It also has a Media section that allows you to turn on iTunes-friendly music and video sharing. Drop media files into the pre-defined
/Public/Shared Music folder and any iTunes apps on client machines can, if they have sharing turned on, access the files immediately for playback.
Even Apple's own TimeCapsule shared drive doesn't do that.
RAID guidance in the set-up system
TimeCapsule does, however, provide easy access to its contents over the internet. Not so the ShareSpace. It comes pre-equipped with support for the MioNet remote access service, which allows you to access and control any computer from any other, provided it's running MioNet's Windows-only software.
MioNet usually wants $8 a month, but WD's bundling access to the ShareSpace to you for free. The snag is, you can only access it through a browser - if you want to use MioNet's desktop app, you'll have to cough up. MioNet promises Mac and Linux clients at some point "in the future", but even when they do arrive, you'll still have to pay.
Our first attempt to access the ShareSpace remotely this way failed - MioNet doesn't like Linux. So we tried it on a Mac, with some success. Yes, we logged in and accessed the ShareSpace's public content, but in a fairly rubbish way. The Java applet displays public folders on the NAS box, and you can open these and folders stored within. But there's no way to, say, drag a folder onto your desktop - or even right-click to download it. Select a file, and the only thing you can do is delete, rename or open it. Opening a file transfers it to some hidden part of the your hard drive from where it's automatically opened by an appropriate app.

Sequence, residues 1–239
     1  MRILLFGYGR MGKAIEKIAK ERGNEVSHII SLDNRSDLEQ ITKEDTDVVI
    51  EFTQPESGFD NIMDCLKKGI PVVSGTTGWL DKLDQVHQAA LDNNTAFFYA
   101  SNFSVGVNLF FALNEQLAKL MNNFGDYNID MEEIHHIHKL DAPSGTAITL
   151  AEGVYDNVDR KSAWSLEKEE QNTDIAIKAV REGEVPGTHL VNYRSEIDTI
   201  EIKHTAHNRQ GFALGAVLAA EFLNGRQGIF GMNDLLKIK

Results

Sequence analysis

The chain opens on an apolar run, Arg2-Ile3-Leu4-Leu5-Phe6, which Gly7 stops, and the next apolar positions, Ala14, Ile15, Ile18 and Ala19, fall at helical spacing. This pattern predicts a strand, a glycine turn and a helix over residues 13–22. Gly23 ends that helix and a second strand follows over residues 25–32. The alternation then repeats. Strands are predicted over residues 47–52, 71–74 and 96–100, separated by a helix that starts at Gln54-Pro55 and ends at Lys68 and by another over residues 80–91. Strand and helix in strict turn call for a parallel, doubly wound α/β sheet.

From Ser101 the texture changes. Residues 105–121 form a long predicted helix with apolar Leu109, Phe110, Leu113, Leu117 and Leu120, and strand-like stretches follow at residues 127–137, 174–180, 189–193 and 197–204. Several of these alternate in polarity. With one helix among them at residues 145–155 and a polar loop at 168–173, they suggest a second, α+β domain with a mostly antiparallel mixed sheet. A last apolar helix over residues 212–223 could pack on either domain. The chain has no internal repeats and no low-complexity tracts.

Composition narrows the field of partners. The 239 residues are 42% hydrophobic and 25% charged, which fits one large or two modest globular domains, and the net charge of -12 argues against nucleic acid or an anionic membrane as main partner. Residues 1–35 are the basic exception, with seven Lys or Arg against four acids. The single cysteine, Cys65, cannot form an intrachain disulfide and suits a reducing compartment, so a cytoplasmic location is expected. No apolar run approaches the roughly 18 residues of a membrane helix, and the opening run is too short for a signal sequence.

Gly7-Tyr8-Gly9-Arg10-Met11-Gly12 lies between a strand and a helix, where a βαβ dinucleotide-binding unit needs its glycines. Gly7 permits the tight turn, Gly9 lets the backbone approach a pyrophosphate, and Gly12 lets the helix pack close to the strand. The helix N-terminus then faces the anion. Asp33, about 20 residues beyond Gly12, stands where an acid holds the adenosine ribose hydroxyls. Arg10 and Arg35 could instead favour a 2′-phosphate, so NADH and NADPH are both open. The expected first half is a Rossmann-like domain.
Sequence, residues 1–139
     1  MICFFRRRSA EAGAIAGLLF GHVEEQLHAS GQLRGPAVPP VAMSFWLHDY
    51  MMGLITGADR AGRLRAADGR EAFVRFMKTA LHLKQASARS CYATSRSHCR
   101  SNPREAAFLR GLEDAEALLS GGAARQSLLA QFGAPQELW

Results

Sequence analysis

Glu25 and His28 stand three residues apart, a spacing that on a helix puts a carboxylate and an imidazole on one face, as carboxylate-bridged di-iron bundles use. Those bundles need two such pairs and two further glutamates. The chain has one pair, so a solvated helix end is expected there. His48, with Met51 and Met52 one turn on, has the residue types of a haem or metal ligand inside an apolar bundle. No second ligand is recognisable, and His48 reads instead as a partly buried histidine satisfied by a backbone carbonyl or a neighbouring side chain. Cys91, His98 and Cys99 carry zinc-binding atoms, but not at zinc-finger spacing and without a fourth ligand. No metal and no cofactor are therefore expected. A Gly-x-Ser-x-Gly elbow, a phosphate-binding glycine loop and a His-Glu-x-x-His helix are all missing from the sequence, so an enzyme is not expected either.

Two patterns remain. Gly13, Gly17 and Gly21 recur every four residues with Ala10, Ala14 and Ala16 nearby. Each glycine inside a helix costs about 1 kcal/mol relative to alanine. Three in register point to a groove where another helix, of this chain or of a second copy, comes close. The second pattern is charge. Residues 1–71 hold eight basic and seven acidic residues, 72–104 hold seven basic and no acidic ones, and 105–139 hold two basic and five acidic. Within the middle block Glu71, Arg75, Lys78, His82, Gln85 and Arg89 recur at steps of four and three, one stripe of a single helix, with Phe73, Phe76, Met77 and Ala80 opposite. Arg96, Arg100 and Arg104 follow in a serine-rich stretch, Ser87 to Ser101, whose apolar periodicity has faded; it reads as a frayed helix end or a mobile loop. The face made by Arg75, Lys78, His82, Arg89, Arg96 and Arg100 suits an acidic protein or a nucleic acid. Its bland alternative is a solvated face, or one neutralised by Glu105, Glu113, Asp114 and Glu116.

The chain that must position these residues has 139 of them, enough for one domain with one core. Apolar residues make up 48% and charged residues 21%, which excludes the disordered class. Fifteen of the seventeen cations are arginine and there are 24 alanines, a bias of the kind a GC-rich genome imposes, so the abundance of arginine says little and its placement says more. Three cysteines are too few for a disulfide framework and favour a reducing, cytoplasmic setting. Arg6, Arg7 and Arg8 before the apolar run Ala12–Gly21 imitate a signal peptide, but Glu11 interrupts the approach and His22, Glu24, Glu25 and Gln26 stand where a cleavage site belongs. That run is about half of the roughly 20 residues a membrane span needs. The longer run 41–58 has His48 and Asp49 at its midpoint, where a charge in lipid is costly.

Auto-downloads? No problem
None of this is particularly quick, and is no way near as handy as simply mounting a folder on the desktop and manipulating files in the usual way through the host OS. MioNet's Windows software may make this possible, but since it's an optional extra, we can't really consider it for this review.
WD's approach does at least mean you can connect remotely without having to worry about IP addresses and firewall set-up. But in most cases, the ShareSpace will be hooked up to a router that's on all the time so you can be sure of the IP address and can easily be set to port-forward requests to the NAS box. So why bother with this MioNet lameness at all?
To quote performance speeds in Mb/s (Megabits/second) instead of the industry standard MiB/s in order to mislead is so underhanded. You do not expect TheRegister to sell out like that!
"Copying a 10.59GB folder containing 180-odd sub-folders and more than 3300 files from the notebook to a shared folder on the ShareSpace yielded an average throughput of 70.73Mb/s."
The reason I ask is because: a couple of years back the people I worked for bought (on my recommendation) a NAS box based on the universal "this product is great" reviews seen on the interweb. It was fast, quiet and supported CIFS, NFS, FTP, RAID5 all the usual stuff. Turns out all the copy speed reviews used CIFS because the reviewers only tested it with Windows and the box was crap at FTP and NFS. It would freeze for an indeterminate time on the middle of a transfer which meant it was useless for automated copies as you could never be sure when it would finish.
So, CIFS, NFS or FTP?
is the death of this product... perhaps if they did a 'normal' version as well they might sell...
Qnap all the way! does all this and more for less... (and its quiet too)
A supper SLOW box, isn't it?
70Mb/s. that's < 9MB/s.
@Tony Smith re: speed
Tony, is that 70 MBytes/second or 70 Mbits/second ?